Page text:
Cellphones reshape prostitution in India, complicate efforts to prevent AIDS

Published: November 25, 2012

MUMBAI: Millions once bought sex in the narrow alleys of Kamathipura, a vast red-light district here. However, sex workers with inexpensive mobile phones are luring customers elsewhere, and that is endangering the astonishing progress India has made against AIDS.

Indeed, the recent closings of hundreds of ancient brothels, while something of an economic victory for sex workers, may one day cost them, and many others, their lives.
"The place where sex happens turns out to be an important HIV prevention point," said Saggurti Niranjan, programme associate of the Population Council. "And when we don’t know where that is, we can’t help stop the transmission."

Cellphones, those tiny gateways to modernity, have recently allowed sex workers to shed the shackles of brothel madams and strike out on their own. However, that independence has made sex workers far harder for government and safe-sex counselors to trace. And without the advice and free condoms those counselors provide, sex workers and their customers are returning to dangerous ways.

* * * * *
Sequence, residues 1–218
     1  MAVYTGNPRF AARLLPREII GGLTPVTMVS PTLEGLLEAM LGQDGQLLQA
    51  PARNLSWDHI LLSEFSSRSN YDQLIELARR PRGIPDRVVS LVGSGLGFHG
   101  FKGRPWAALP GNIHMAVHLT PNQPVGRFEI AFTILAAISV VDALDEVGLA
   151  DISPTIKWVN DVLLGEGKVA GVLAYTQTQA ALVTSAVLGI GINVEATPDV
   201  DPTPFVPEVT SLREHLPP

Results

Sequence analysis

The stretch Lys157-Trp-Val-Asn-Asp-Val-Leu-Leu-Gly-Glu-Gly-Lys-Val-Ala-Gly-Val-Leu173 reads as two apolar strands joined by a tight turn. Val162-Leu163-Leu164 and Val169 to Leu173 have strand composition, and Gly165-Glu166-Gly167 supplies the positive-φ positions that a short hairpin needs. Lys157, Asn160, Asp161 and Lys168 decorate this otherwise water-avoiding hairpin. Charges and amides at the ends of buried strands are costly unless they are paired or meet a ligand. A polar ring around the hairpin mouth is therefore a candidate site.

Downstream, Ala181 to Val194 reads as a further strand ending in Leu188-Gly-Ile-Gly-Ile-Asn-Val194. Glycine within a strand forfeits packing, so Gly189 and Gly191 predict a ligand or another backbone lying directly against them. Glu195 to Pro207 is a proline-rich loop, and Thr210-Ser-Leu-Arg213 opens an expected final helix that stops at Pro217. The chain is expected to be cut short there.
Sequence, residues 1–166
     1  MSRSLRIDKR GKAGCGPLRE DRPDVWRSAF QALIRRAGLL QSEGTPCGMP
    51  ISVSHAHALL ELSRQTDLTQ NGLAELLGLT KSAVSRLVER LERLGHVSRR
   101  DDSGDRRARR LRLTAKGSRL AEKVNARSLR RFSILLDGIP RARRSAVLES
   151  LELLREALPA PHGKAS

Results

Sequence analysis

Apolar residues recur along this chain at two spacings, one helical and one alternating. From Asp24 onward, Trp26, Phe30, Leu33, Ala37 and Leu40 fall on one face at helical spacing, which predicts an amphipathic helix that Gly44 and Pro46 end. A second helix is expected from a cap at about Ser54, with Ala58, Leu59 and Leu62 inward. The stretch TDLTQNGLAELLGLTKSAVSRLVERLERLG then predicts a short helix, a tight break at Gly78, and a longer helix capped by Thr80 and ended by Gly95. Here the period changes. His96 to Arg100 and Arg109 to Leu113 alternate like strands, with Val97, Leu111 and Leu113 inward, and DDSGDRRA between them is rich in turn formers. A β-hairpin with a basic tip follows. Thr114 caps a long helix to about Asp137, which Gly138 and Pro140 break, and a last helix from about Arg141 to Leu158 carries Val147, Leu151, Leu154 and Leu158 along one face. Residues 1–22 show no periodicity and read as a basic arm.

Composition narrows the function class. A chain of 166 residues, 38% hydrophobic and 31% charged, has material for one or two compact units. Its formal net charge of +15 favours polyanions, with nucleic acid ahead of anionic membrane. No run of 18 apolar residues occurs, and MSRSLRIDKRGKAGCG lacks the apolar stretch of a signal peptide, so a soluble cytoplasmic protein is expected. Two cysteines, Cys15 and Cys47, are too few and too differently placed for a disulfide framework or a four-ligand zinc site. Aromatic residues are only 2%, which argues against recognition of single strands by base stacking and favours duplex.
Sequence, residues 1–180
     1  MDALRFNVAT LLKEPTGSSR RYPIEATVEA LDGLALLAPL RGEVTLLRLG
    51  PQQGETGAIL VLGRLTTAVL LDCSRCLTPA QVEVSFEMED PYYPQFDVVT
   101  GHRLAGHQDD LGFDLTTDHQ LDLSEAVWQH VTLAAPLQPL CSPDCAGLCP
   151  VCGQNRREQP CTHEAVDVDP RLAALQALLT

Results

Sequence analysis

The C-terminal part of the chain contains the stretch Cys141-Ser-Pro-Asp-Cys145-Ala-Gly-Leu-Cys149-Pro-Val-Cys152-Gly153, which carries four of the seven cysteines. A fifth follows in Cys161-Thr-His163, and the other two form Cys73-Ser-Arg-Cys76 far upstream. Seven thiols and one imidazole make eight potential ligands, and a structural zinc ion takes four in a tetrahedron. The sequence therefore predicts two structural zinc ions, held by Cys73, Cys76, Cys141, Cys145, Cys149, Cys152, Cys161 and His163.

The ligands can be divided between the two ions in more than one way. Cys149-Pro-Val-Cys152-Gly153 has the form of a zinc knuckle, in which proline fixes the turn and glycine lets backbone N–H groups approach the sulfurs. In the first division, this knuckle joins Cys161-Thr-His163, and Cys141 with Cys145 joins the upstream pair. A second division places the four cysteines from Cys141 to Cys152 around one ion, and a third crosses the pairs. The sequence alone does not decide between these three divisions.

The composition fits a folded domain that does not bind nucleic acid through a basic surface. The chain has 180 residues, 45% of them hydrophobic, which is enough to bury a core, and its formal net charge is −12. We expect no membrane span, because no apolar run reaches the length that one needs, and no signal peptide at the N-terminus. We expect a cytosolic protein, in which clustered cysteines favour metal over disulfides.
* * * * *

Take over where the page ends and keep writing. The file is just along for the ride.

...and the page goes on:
Studies show that sex workers who rely on cellphones are more susceptible to HIV because they are far less likely than their brothel-based peers to require their clients to wear condoms.

In interviews, sex workers said they had surrendered some control in the bedroom in exchange for far more control over their incomes.

"Now, I get the full cash in my hand before we start," said Neelan, a sex worker with four children whose side business in sex work is unknown to her husband and neighbors. (Neelan is a professional name, not her real one.)

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